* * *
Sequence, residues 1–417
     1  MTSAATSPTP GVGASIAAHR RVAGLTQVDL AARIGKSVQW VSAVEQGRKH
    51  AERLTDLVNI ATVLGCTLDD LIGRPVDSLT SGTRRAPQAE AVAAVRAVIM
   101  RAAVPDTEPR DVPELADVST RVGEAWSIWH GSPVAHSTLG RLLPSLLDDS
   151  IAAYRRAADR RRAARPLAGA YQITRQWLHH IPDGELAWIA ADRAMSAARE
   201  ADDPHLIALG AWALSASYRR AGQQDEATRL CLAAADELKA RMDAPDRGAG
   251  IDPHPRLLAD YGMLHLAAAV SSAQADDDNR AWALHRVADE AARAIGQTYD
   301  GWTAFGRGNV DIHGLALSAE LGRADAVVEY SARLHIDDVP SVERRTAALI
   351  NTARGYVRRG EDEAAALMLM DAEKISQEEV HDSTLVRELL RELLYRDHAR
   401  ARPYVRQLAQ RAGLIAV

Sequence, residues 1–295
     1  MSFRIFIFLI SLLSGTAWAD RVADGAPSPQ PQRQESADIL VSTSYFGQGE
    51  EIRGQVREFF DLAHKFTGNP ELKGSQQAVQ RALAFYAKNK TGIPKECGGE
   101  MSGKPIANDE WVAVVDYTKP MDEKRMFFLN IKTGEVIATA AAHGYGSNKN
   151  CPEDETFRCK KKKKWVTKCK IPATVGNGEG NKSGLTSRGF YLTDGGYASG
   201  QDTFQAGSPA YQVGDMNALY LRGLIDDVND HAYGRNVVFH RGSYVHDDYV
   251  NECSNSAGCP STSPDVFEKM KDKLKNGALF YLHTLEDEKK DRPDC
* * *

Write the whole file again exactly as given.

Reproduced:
Sequence, residues 1–417
     1  MTSAATSPTP GVGASIAAHR RVAGLTQVDL AARIGKSVQW VSAVEQGRKH
    51  AERLTDLVNI ATVLGCTLDD LIGRPVDSLT SGTRRAPQAE AVAAVRAVIM
   101  RAAVPDTEPR DVPELADVST RVGEAWSIWH GSPVAHSTLG RLLPSLLDDS
   151  IAAYRRAADR RRAARPLAGA YQITRQWLHH IPDGELAWIA ADRAMSAARE
   201  ADDPHLIALG AWALSASYRR AGQQDEATRL CLAAADELKA RMDAPDRGAG
   251  IDPHPRLLAD YGMLHLAAAV SSAQADDDNR AWALHRVADE AARAIGQTYD
   301  GWTAFGRGNV DIHGLALSAE LGRADAVVEY SARLHIDDVP SVERRTAALI
   351  NTARGYVRRG EDEAAALMLM DAEKISQEEV HDSTLVRELL RELLYRDHAR
   401  ARPYVRQLAQ RAGLIAV

Sequence, residues 1–295
     1  MSFRIFIFLI SLLSGTAWAD RVADGAPSPQ PQRQESADIL VSTSYFGQGE
    51  EIRGQVREFF DLAHKFTGNP ELKGSQQAVQ RALAFYAKNK TGIPKECGGE
   101  MSGKPIANDE WVAVVDYTKP MDEKRMFFLN IKTGEVIATA AAHGYGSNKN
   151  CPEDETFRCK KKKKWVTKCK IPATVGNGEG NKSGLTSRGF YLTDGGYASG
   201  QDTFQAGSPA YQVGDMNALY LRGLIDDVND HAYGRNVVFH RGSYVHDDYV
   251  NECSNSAGCP STSPDVFEKM KDKLKNGALF YLHTLEDEKK DRPDC